Many people believe that Western medicine is an exact science, but in many cases it is an art. There is a lot of trial and error involved in finding the right treatment and in some instances, even the right diagnosis. So be aware there is room for interpretation in everything. Many alternative medicines have a different healing philosophy; meaning that why people get sick and how they get well could be coming from a unique understanding of healing. In many cases this will create a different pathophysiology, which is the cause and progression of an illness. This may require you to look at your challenge in a new way. This could be a good thing. For example in Homeopathy, which at one time was a prominent part of mainstream medicine, it operates under the assumption that ‘like cures like’, which is in stark contrast to the Germ Theory where the goal is to identify the pathogen and remove the threat.
Because alternative medicine may have different foundations for healing, they will also use different language. If you go to see a Doctor of Traditional Chinese Medicine and you tell them you suffer from Irritable Bowel Syndrome, there is no IBS in that model. Instead they may talk to you about Qi and the elements. So it is a good idea to be open to others interpretations of how the body heals and try not to get too caught up in creating parallels between what they tell you and how Western medicine explains it.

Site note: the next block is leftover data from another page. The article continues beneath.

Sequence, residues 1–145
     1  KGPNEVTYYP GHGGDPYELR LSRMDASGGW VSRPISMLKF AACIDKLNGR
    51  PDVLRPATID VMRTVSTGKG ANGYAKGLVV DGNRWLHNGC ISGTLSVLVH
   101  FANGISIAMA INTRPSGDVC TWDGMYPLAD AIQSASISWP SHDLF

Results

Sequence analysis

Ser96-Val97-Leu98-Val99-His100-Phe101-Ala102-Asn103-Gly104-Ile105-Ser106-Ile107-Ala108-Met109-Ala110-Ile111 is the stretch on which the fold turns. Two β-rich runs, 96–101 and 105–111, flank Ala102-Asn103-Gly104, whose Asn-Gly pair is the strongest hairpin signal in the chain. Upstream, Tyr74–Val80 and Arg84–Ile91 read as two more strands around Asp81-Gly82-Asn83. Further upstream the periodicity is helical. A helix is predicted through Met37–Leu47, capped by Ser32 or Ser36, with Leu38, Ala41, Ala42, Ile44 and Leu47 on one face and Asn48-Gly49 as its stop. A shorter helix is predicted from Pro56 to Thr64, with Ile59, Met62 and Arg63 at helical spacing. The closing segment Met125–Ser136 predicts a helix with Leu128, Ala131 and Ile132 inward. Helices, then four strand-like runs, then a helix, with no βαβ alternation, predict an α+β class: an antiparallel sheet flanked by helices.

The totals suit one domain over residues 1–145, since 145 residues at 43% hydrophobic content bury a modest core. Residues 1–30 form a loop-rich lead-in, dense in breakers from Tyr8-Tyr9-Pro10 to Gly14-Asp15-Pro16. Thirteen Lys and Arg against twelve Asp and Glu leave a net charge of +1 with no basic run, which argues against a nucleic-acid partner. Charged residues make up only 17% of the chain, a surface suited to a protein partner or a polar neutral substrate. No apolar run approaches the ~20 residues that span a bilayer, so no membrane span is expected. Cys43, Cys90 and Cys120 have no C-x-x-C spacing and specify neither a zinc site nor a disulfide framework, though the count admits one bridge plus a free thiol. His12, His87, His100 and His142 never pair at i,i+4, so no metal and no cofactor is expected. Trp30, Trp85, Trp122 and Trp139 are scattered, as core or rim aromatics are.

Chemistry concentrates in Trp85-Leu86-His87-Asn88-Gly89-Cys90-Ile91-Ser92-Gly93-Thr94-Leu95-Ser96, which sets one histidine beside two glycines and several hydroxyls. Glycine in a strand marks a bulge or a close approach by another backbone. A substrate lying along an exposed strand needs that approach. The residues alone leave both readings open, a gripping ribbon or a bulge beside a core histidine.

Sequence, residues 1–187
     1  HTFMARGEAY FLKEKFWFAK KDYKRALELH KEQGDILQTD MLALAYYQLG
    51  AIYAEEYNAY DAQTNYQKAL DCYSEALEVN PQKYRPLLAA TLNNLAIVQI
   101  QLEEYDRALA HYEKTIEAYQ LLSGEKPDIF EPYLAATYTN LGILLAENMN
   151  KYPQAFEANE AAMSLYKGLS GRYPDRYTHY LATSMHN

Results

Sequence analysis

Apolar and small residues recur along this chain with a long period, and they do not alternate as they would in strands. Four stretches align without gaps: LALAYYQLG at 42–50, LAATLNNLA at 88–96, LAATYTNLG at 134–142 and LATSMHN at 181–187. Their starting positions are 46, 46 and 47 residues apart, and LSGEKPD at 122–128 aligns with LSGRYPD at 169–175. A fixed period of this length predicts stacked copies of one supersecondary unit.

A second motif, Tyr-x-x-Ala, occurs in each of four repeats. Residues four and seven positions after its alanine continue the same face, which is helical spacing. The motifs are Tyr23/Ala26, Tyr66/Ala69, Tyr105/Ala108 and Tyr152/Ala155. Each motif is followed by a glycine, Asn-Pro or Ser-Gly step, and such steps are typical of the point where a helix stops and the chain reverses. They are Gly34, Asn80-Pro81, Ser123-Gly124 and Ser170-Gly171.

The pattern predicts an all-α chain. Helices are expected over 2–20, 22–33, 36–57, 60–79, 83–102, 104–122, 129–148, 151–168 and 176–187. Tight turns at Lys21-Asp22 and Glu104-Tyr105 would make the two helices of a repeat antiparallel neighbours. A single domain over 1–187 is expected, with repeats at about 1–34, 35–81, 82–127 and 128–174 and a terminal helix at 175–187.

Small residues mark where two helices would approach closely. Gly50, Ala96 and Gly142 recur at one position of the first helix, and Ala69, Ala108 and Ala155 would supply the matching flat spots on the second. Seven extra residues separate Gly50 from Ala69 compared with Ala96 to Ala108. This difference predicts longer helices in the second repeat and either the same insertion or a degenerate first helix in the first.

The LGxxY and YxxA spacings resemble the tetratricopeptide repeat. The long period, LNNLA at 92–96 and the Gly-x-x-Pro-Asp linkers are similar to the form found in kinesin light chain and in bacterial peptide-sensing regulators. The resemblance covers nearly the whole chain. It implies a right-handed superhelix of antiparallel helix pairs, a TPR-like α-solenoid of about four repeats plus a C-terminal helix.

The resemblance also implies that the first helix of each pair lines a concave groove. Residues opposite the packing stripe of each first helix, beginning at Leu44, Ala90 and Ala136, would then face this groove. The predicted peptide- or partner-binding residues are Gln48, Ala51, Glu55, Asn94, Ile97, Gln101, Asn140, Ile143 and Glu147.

4. Different tools in the tool bag
In working with Cancer patients, many of them have expressed their frustration in the doctors not talking to them about nutrition or mind/body techniques, but that is not what they are trained to do. There isn’t anything wrong with that, they just have different tools in their tool bag. They can’t specialize in everything. That is why having a wide healing network is important. Just as in alternative medicine, each practitioner will have a set of tools that they use built around their healing philosophy. So seek out the specific skill set you are looking for from a qualified practitioner. If you are looking for nutritional help, seek out a holistic nutritionist not a massage therapist.
5. There is research, but you have to look for it